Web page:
[In some survey of some part of the populace,] 80% of all Biritsh scientists are the children of scientists [the oldest child, an only child, etc].The problem with these types of examples is that they disguise how the probabilities end up affecting the quantifier structure. This is especially true when we deal with a language that supports exceptions (i.e. non-monotonic changes) in the knowledge capture because there the extremes are best captured as exceptions.
None of the cities of of the Roman empire, excepting Rome itself, had more than five hundred thousand citizens.
(exceptWhen (equalSymbols ?CITY Rome)(with appropriate temporal restrictions somewhere, e.g. implied by the Roman empire membership or on the population number).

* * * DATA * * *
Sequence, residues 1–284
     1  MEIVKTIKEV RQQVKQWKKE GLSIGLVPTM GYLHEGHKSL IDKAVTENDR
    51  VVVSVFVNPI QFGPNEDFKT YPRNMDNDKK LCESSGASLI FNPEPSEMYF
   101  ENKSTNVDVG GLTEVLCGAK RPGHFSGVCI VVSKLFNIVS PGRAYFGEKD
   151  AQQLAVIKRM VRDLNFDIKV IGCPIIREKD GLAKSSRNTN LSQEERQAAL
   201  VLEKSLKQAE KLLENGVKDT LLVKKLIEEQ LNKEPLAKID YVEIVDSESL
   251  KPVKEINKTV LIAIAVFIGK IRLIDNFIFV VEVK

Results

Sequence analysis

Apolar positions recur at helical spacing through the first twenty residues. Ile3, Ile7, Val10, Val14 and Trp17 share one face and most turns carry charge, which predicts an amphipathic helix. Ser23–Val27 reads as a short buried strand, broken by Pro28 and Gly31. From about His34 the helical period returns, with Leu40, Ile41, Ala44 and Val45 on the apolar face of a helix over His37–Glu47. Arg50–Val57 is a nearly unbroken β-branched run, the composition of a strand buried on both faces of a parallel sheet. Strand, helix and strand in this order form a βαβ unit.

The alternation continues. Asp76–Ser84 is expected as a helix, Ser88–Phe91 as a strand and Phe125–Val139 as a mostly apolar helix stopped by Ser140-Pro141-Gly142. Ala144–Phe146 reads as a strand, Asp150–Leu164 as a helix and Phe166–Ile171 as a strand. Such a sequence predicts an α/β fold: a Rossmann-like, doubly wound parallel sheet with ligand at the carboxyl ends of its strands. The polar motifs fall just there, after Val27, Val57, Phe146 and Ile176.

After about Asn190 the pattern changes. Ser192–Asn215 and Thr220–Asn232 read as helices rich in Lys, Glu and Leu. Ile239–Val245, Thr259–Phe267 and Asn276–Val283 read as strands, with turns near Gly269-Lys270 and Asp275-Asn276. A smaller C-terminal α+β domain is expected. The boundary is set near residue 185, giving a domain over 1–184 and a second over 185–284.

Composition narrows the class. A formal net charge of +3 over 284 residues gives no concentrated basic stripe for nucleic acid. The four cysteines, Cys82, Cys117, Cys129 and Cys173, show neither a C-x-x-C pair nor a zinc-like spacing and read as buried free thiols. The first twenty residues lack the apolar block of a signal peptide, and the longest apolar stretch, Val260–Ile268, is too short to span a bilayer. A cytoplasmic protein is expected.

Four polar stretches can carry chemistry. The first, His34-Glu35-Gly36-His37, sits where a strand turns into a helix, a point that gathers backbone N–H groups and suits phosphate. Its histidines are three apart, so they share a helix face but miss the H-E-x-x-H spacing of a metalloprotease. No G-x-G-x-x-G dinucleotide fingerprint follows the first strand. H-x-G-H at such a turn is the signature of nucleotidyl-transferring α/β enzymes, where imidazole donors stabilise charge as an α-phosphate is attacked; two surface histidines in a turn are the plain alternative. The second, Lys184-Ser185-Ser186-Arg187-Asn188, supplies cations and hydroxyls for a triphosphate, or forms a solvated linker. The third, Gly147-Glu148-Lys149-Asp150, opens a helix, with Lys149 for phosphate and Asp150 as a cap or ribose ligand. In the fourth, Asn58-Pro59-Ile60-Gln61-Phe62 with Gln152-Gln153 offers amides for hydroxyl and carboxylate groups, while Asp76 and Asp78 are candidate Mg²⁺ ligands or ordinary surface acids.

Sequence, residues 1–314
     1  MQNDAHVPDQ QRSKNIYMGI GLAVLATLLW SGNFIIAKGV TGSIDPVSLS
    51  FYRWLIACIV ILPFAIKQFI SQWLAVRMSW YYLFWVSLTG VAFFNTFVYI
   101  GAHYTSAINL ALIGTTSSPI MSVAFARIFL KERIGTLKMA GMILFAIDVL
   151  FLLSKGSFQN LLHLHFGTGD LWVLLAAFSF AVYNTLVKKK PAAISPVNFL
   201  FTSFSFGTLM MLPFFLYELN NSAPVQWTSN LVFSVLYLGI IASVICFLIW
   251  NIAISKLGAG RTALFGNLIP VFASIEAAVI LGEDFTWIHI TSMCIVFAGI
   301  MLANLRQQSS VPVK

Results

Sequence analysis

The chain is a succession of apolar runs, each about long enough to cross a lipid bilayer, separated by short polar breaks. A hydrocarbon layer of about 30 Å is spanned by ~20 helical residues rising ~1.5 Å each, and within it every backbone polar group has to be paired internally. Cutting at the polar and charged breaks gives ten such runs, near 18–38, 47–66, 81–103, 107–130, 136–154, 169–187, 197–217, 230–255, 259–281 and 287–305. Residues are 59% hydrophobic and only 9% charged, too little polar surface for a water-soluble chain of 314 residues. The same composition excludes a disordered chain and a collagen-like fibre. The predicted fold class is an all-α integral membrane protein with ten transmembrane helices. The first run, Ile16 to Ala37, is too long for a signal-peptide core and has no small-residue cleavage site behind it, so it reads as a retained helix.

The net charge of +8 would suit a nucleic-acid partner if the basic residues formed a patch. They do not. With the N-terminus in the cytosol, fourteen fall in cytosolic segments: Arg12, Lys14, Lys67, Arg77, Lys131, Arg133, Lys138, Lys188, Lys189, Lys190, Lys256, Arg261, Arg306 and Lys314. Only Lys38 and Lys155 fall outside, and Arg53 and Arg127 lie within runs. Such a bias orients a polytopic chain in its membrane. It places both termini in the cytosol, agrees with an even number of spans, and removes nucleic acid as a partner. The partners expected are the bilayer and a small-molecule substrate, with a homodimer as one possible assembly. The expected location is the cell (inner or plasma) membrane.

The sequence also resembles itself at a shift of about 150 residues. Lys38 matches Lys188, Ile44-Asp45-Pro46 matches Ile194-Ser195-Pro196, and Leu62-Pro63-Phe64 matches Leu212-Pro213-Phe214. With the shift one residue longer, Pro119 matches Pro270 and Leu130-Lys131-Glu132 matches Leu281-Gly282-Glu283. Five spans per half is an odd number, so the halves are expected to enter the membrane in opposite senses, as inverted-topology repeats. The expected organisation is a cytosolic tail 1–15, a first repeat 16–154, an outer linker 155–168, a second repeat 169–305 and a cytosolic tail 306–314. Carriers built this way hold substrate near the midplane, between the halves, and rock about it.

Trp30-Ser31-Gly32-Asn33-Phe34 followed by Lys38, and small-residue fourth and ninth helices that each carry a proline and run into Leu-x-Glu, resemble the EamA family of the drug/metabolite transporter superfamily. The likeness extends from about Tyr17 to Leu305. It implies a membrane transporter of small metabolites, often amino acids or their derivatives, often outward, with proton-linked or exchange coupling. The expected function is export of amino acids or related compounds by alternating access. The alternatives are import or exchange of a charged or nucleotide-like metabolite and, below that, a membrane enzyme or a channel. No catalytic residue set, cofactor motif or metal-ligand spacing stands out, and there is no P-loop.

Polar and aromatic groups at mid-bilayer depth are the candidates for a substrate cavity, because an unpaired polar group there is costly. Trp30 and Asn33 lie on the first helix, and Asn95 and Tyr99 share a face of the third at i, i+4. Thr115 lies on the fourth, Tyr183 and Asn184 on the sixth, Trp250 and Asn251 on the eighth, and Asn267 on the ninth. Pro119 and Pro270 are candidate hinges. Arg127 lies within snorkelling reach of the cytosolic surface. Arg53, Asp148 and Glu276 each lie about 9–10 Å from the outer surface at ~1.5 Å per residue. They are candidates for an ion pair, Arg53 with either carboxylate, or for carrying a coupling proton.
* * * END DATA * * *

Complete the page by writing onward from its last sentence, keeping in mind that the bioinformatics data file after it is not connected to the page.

(=> (and (isa ?CITY City) (subOrganization ?CITY RomanEmpire)
(population ?CITY ?POP))
(lessThan ?POP 500000)))
At the same time, at the middle range of the distribution, it would be most natural to speak of existential quantification, perhaps baths or amphitheaters, or a temple dedicated to a specific deified hero or an oriental fertility cult.
Thus we observe that a continuous model (probabilities [0,1]) meet a discrete model of quantifiers and exceptions, and we expect the continuous model to deal with data changes more gracefully, especially if the representation of discrete parts is not automatically driven by continuous representation. Perhaps we could consider 1% and 99% as the cutoffs for 'none' and 'all' (not in principle, in a specific case), and have rules to then conclude the discrete quantifier structure from the data distribution and its interpretation?